Submitted September 12, 2017
from the Court of Appeals for Montgomery County, Nos. 27074
and 27075, 2016-Ohio-5265.
Mathias H. Heck Jr., Montgomery County Prosecuting Attorney,
and Heather N. Jans, Assistant Prosecuting Attorney, for
appellee, state of Ohio.
Timothy Young, Ohio Public Defender, and Charlyn Bohland,
Assistant Public Defender, for appellant, D.H.
1} May a juvenile who is "bound over" to
adult court immediately appeal the bindover decision, or must
his appeal wait until the end of the adult-court proceedings?
We conclude that the appeal must wait. That is what the court
of appeals decided, so we affirm its judgment.
2} D.H. was 17 years old when he was charged in
separate complaints with two counts of robbery. The juvenile
court held a hearing, determined that D.H. was not amenable
to rehabilitation in the juvenile system, and transferred
jurisdiction to the adult court.
3} D.H. pled no contest to the charges in adult
court and was sentenced to four years in prison. He then
appealed his discretionary transfer to the Second Appellate
District. The court of appeals concluded that the juvenile
court had erred in transferring D.H. because it had not
articulated the reasons that D.H. was not amenable to
rehabilitation in the juvenile system. On remand from the
court of appeals, the juvenile court again found that D.H.
was not amenable to rehabilitation.
4} This time, rather than waiting until the end of
the adult-court proceedings, D.H. immediately appealed the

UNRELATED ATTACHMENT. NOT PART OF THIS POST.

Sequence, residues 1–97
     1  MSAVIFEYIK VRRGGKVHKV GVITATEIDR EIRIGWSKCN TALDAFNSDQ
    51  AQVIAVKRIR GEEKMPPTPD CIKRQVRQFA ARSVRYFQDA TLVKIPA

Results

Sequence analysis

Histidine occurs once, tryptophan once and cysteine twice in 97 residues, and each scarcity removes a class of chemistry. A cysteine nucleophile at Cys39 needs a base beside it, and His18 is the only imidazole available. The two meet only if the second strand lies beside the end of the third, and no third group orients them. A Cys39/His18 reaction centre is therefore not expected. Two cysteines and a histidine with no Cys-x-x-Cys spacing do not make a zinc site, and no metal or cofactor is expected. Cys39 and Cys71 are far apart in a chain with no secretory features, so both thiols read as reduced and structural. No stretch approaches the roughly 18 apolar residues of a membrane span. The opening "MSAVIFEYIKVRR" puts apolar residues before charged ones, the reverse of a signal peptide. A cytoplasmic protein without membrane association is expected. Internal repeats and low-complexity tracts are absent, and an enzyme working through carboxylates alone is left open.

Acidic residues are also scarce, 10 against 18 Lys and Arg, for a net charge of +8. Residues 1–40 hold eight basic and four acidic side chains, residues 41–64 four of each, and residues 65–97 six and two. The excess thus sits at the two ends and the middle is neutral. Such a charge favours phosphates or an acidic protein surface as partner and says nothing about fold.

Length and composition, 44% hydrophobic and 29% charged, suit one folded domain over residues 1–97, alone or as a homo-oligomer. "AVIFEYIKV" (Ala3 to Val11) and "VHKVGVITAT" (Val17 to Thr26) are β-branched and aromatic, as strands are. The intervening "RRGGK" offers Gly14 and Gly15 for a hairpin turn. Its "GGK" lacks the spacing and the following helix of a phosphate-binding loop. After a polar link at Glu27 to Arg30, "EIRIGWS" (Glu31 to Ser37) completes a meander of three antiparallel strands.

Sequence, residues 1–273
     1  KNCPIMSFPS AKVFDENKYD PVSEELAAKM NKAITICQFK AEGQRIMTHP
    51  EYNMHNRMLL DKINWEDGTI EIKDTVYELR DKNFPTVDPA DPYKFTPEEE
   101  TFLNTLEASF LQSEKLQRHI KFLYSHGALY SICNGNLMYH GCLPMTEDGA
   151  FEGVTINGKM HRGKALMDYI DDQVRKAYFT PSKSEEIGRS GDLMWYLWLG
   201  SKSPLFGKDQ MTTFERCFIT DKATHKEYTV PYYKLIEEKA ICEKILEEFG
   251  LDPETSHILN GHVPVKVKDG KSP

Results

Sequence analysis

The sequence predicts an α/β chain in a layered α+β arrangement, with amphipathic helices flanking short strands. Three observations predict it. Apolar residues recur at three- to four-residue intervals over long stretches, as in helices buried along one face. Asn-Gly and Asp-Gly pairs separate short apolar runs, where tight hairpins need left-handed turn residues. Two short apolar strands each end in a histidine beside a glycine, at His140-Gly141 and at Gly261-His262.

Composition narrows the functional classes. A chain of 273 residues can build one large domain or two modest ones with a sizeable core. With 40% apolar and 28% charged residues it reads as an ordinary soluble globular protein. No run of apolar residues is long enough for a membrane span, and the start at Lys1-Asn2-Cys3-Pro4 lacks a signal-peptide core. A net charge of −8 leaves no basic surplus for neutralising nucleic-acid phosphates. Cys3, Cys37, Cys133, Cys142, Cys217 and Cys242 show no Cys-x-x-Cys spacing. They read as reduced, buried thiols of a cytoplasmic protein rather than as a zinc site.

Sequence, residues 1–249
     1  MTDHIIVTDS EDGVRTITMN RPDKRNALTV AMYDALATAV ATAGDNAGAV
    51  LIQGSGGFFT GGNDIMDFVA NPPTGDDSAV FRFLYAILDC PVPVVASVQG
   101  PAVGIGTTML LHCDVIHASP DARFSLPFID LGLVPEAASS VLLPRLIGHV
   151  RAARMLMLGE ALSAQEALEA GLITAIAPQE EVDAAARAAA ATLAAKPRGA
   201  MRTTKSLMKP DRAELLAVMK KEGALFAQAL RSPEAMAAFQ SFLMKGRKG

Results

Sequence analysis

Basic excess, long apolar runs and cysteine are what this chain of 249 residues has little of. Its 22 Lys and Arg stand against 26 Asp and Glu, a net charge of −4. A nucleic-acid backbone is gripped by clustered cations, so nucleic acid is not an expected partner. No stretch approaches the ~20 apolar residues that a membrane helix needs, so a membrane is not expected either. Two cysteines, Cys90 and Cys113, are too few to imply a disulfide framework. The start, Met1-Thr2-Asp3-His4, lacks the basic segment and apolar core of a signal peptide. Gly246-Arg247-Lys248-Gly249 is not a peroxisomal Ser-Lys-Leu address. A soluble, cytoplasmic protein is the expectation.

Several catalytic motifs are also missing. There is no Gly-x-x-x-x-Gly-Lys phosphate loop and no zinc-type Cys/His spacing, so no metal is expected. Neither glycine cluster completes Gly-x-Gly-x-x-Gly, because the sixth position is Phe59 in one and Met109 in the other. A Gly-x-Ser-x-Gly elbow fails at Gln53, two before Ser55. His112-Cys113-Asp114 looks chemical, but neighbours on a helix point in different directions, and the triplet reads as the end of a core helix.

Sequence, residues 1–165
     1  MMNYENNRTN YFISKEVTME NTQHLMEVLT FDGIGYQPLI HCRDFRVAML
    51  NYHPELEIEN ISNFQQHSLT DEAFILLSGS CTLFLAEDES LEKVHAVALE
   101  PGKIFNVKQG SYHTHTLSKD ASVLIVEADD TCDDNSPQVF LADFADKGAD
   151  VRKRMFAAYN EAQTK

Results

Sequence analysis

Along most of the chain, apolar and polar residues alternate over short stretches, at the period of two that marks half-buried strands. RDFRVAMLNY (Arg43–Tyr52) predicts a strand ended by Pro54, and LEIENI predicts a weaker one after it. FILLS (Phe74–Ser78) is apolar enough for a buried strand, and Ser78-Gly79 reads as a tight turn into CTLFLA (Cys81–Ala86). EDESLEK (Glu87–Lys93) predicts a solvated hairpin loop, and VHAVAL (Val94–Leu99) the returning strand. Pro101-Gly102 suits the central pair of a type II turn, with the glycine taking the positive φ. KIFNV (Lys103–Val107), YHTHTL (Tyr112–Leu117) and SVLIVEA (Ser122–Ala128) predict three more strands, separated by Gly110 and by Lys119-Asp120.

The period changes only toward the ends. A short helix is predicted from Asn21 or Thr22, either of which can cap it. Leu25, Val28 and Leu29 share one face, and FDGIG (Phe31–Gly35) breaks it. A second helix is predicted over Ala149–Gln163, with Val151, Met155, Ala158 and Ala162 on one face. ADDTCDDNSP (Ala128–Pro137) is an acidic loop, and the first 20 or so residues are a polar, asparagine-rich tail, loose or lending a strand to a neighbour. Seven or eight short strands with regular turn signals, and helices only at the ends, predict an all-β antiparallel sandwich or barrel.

juvenile court's transfer orders. The court of appeals
granted the state's motion to dismiss the appeals for
lack of a final order.
THE FINAL-ORDER REQUIREMENT
5} The question whether an immediate appeal from a
bindover decision is available depends on whether such a
decision is a "final order." The final-order
requirement comes from the Ohio Constitution, which provides
that courts of appeals "shall have such jurisdiction as
may be provided by law" to review "final
orders" rendered by inferior courts. Ohio Constitution,
Article IV, Section 3(B)(2). Jurisdiction is "provided
by law" primarily through two statutes. The first, R.C.
2501.02, the "jurisdictional statute, " provides
that courts of appeals have jurisdiction
upon an appeal upon questions of law to review, affirm,
modify, set aside, or reverse judgments or final orders of
courts of record inferior to the court of appeals within the
district, including the finding, order, or judgment of a
juvenile court that a child is delinquent, neglected, or
dependent, for prejudicial error committed by such lower
second statute, R.C. 2505.02, the "definitional statute,
" the legislature has defined various categories of
orders as final. First, we address our ...